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Written by Chad Eichorn
From his column Elder Law

elder-law-09-18_article.jpgThe decision to move a spouse into a nursing home is one many couples have to face. It’s a misconception that if one spouse needs long-term residential care, it will bankrupt the spouse remaining at home. This doesn’t have to happen. Taking time to prepare in advance can alleviate some of the stress and uncertainty that comes with this process. Here’s an overview of the details regarding long-term care.

Will we lose all of our assets?

Many spouses come to us with this question. In one situation, an elderly woman was leaving our office to attend an interview for a retail clerking job to support herself after her husband moved to a nursing home. The answer, thankfully, is “No, you will not lose all of your assets.”

Legislative Help

The Spousal Impoverishment Law is intended to allow the community spouse to protect a portion of income and resources so that he/she can live life with independence and dignity.

Nursing homes are expensive, often costing more than $8,000 a month. Expenses like this can rapidly deplete the life savings of an elderly couple, leaving the spouse at home with nothing to live on. However, in 1988, Congress enacted the Spousal Impoverishment Law (SIL—also known as Division of Assets). SIL works within the guidelines of Medicaid, which supplements the costs of the nursing home. As such, it requires that a portion of the funding for nursing home care come from the assets of the individual or couple involved. SIL is intended to allow the community spouse (the one remaining at home) to protect a portion of income and resources so that he/she can live life with independence and dignity.

Definition of Assets

Exempt Assets: Under SIL, certain assets are exempt and may be kept by the spouse at home. These include: the home; one car; personal possessions, such as wedding rings and clothes; and funeral plans.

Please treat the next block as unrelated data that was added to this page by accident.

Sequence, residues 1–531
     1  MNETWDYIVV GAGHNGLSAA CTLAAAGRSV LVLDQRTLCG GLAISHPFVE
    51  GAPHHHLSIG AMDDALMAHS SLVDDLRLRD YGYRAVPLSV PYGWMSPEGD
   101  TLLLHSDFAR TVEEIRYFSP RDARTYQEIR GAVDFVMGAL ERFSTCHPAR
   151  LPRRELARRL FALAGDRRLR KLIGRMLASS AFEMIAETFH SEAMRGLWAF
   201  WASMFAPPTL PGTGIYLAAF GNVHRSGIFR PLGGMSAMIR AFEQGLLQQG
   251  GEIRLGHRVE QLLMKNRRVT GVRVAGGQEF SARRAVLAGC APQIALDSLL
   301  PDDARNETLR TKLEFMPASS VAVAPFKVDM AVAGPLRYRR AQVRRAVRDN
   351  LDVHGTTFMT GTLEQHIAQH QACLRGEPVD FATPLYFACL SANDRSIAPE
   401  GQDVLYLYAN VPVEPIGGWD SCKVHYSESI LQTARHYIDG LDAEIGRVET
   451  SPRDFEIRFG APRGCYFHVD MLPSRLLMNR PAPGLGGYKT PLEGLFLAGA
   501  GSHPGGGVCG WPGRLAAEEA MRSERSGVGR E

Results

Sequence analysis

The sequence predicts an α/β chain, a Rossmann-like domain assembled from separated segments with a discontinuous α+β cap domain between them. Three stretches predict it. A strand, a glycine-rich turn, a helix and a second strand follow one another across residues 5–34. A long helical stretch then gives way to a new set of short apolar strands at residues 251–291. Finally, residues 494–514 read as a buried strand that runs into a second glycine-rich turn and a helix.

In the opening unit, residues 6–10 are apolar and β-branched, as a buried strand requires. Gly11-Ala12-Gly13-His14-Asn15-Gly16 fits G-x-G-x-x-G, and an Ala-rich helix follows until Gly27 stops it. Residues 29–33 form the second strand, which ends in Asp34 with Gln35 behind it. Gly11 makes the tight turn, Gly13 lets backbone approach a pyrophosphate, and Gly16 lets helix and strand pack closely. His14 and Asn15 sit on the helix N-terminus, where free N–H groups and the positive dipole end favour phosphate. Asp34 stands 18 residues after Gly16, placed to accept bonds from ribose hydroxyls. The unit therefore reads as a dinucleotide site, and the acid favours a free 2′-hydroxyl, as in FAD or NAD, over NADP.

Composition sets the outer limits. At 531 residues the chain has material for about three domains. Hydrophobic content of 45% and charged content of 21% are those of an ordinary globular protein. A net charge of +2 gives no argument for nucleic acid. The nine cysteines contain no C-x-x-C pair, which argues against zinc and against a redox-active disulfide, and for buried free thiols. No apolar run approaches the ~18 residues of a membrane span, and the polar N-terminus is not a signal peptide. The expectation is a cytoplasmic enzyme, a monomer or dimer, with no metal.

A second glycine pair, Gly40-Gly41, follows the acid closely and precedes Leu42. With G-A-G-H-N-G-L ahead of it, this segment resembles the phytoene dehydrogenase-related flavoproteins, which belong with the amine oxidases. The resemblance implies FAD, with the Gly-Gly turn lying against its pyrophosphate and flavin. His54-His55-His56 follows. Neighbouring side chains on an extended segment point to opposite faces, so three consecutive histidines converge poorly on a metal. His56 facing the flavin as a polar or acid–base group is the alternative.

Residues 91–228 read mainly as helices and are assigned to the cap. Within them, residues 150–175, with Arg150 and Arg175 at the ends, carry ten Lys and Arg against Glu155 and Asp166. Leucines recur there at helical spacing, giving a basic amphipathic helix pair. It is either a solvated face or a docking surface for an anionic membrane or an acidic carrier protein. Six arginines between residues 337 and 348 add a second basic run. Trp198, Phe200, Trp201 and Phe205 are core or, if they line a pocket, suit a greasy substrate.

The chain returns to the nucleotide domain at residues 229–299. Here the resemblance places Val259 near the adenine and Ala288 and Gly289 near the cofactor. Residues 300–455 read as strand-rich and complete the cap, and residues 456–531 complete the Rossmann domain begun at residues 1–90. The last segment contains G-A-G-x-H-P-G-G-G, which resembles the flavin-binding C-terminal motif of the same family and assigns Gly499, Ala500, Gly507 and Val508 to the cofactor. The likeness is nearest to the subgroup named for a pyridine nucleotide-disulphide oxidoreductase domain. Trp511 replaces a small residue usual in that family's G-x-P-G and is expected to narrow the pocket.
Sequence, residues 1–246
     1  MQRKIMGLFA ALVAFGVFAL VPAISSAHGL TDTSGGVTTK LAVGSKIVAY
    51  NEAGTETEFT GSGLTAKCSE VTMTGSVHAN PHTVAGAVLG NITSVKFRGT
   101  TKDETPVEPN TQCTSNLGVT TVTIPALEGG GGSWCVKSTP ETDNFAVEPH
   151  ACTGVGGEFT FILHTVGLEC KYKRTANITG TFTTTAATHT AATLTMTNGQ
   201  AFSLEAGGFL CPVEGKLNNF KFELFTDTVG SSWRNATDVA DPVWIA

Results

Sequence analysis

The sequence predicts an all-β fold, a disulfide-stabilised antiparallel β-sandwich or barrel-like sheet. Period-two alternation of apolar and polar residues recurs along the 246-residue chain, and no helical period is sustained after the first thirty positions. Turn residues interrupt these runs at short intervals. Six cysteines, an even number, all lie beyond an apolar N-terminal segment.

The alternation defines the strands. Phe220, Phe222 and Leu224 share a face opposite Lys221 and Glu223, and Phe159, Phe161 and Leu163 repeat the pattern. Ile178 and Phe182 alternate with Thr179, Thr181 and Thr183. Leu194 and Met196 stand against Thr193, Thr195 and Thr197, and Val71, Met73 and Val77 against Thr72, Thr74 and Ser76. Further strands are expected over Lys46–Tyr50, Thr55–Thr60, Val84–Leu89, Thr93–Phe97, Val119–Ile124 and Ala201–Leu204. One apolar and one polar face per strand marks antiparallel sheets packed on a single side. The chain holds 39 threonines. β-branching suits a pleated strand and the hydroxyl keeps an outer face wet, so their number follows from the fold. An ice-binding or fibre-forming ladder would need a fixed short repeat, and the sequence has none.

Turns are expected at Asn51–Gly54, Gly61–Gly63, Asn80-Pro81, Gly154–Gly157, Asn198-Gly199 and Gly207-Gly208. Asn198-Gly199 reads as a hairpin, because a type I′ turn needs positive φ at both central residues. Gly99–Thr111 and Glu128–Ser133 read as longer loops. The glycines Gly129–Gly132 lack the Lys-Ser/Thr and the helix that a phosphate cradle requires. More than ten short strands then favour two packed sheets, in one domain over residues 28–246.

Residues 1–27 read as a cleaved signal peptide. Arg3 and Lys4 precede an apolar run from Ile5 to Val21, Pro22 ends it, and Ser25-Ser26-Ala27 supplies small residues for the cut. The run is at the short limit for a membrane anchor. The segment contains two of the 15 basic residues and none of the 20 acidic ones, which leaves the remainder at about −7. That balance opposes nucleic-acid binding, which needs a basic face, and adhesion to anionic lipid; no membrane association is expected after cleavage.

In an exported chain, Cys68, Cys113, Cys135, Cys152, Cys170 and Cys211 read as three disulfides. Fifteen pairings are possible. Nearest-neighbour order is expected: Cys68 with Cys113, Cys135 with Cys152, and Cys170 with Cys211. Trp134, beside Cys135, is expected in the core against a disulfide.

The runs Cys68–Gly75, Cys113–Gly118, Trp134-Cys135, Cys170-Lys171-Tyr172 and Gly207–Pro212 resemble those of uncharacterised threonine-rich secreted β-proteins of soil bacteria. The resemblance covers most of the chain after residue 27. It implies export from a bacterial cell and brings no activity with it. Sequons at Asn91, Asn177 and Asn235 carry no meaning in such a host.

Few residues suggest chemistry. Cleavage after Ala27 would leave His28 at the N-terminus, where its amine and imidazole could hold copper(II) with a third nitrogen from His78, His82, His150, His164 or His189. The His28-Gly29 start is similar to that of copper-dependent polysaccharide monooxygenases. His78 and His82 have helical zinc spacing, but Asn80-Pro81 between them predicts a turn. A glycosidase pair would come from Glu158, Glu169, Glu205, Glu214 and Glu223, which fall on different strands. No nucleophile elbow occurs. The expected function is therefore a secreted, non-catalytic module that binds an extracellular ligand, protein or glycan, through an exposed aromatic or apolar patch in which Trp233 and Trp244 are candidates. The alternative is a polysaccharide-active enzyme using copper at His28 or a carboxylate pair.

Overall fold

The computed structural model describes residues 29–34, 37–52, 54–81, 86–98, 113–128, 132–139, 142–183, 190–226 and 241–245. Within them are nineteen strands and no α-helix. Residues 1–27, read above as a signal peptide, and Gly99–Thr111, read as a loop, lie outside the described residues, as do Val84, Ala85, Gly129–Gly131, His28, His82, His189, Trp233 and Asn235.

Countable Assets: All other assets are countable, whether owned by the husband or wife or held jointly. These include checking accounts, savings accounts, stocks, bonds, CDs, mutual funds, revocable trusts, cash value of life insurance policies, IRAs, and real estate (other than the home).

Under SIL, the spouse at home gets to keep half of all countable assets, up to a maximum of $123,900 in 2018, but not less than $25,000.


In addition to assets, the community spouse gets to keep his/her own income. If that income is less than approximately $3,000 per month, the spouse at home may also keep part of the nursing home spouse’s income, up to a maximum of $3,090 per month.

Here’s an illustration: Ellen can no longer care for her husband, Bob, who has been admitted to a nursing home. They have $200,000 in countable assets. Ellen will be able to keep $100,000 of the assets, in addition to their home, one car, and prepaid funerals.

Ellen and Bob are both on Social Security with no other source of income, other than that from investments. Ellen receives $1,500 from Social Security; Bob receives $1,600. Ellen will be able to keep her own income and $1,590 of her husband’s income, so that her total monthly income will be $3,090.

It is important to remember that Medicaid law is state specific, so details regarding SIL vary according to where you live. If you have questions about these issues, please contact an Elder Law attorney licensed in your state. You can learn more about SIL at this link.

Chad Eichorn is an attorney licensed in Iowa only. This article is provided as legal information only and is not intended as legal advice. If you have questions regarding your specific situation, please contact an estate planning and elder law attorney licensed in your state of residence.

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